Cyc is not restricted to the knowledge in the KB. Just like humans, Cyc can be taught to access external data sources.
In recent years, companies have realized that data is a valuable asset that can be used to derive insights and improve business outcomes. The Cyc Knowledge Base is a source of power that can be leveraged to enrich your data and uncover its latent value.
There are two ways that Cyc integrates with external knowledge and data. For external ontologies — sources that provide relatively static, general, re-usable, type level information (“knowledge” rather than “data”) — we typically import their content into the knowledge base.
Cyc has automated tools for importing external ontologies. Once an ontology is imported, that knowledge can be used by the Cyc inference engine. Since CycL is a much more flexible and expressive representation language than ontology standards like OWL / RDF, importing an ontology into Cyc can allow you to create abstractions over the knowledge therein that make it easier to work with and reason about.
But for most data sources, Cyc uses a powerful system called Semantic Knowledge Source Integration (SKSI) to access the data where it lives on demand. The ability to access a variety of data sources “in situ” without the need for ETL processes or data warehouses sets Cyc apart for machine learning techniques which require that move all of your data into a curated dataset before you can start generating value.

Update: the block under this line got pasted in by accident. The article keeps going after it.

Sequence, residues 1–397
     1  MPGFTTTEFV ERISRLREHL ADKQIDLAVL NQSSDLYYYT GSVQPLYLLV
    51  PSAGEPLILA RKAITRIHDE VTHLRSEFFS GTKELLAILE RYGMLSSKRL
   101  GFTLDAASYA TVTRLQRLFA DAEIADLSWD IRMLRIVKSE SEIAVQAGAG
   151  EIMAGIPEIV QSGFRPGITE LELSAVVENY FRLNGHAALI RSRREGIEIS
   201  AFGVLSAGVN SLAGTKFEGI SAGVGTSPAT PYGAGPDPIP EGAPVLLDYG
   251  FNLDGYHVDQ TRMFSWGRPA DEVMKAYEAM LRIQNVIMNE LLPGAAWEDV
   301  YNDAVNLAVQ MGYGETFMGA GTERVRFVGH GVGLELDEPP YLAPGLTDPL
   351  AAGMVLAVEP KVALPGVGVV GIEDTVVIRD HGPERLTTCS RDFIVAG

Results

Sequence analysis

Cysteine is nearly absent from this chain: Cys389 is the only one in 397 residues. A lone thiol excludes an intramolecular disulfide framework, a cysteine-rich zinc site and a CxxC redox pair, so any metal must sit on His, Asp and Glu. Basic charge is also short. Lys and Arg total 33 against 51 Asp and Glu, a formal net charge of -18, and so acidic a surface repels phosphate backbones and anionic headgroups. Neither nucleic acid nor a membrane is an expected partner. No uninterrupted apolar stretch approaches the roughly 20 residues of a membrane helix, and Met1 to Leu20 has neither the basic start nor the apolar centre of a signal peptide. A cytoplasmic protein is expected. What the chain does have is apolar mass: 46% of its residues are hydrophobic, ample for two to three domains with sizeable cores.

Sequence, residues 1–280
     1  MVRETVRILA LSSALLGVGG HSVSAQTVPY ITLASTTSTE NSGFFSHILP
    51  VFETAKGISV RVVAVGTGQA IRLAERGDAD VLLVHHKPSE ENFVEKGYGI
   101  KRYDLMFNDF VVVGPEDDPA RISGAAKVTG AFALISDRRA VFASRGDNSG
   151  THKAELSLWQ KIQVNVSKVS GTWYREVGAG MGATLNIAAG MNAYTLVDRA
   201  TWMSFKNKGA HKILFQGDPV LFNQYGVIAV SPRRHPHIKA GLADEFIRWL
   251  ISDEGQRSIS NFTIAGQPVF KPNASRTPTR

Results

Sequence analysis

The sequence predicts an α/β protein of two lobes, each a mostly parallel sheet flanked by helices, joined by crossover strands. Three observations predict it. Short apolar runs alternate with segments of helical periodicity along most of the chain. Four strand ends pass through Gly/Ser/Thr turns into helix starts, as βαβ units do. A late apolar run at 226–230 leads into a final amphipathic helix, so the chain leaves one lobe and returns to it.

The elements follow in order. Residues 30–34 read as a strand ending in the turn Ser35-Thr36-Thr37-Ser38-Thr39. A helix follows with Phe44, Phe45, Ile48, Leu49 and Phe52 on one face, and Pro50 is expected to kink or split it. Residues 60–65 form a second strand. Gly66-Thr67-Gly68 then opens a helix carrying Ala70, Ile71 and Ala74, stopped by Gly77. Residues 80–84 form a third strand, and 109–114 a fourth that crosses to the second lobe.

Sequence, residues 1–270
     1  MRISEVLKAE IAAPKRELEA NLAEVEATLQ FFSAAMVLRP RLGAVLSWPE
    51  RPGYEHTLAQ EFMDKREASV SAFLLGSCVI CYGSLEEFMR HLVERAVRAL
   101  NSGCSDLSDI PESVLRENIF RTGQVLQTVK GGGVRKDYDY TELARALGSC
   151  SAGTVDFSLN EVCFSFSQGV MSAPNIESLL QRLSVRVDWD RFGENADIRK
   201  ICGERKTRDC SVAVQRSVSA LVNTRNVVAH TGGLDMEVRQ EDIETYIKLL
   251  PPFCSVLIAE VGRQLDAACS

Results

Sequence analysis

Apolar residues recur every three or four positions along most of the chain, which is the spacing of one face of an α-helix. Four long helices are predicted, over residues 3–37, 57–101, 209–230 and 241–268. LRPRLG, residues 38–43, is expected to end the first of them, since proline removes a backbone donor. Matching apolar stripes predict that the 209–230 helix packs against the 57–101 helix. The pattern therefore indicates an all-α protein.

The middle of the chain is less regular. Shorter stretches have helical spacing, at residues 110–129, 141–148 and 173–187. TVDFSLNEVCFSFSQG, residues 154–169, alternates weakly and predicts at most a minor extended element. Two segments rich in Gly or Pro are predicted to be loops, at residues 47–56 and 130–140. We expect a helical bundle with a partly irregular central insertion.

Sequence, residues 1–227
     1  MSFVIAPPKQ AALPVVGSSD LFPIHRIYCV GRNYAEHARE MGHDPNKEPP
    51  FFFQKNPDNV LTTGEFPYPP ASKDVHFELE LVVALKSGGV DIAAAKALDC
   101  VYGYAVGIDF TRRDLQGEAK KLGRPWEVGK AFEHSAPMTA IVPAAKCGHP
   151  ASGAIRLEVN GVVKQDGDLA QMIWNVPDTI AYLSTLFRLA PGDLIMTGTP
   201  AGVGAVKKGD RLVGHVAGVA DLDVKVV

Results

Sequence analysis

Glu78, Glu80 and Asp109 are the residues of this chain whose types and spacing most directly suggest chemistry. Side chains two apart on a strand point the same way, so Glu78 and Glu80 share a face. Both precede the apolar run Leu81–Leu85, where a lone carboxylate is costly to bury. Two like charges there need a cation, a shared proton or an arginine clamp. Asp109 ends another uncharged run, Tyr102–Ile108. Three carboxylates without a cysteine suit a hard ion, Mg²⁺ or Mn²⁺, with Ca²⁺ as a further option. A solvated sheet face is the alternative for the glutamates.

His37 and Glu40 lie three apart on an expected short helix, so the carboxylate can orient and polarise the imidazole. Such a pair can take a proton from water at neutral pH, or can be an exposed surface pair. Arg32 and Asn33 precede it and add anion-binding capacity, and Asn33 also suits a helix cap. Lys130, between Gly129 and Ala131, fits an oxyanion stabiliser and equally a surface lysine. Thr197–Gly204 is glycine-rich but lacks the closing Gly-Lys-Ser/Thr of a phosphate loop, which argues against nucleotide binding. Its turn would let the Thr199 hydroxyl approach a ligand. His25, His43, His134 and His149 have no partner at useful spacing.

Cyc supports a variety of data formats and we continue to add more as standards change and our customers’ needs evolve.
The Cyc platform includes a suite of automated and semi-automated tools to make mapping data sources easy.
Cyc can even reason efficiently using data from multiple disparate sources.
To illustrate the power of reasoning over multiple in-situ data sources, consider a the following query.
We can ask Cyc which US cities are at greatest risk of an anthrax attack, as part of an effort to adequately prepare and defend against hostile threats.
This question can only be answered by combining general knowledge of the sort you can only find in the Cyc KB with data, much of which is publicly available.
Cyc is able to use knowledge about what it means to be a “major US city”, what factors contribute to risk of anthrax attack, and which animals are zoonautic hosts for anthrax to break this question down into its component parts.
Having applied its knowledge to transform one big question into a bunch of small questions, Cyc can recognize that these small questions are all gro unded in data. In fact, Cyc has access to all the relevant public data sources necessary to answer these small questions. It can find all of the major US cities by using the Geographic Names Information Service, find information about livestock populations from a USDA database, hospital bed information from NIH reports, and weather from a NOAA API.
Cyc’s inference engine is able to put all of this data together with the relevant knowledge in the KB to answer the original query. If the data in the underlying data sources changes, that’s okay — Cyc will just query them again the next time we ask it to solve this question. Cyc appropriately factors this problem into a knowledge component in the KB, which is fairly stable, reusable, and general, and a data component which may be highly dynamic (and does not need to be managed or curated by Cycorp).
As with any Cyc query, Cyc is able to show its work and explicitly explain the reasoning behind its conclusion.
Imagine what insights Cyc could produce using your data together with the power of the Knowledge Base.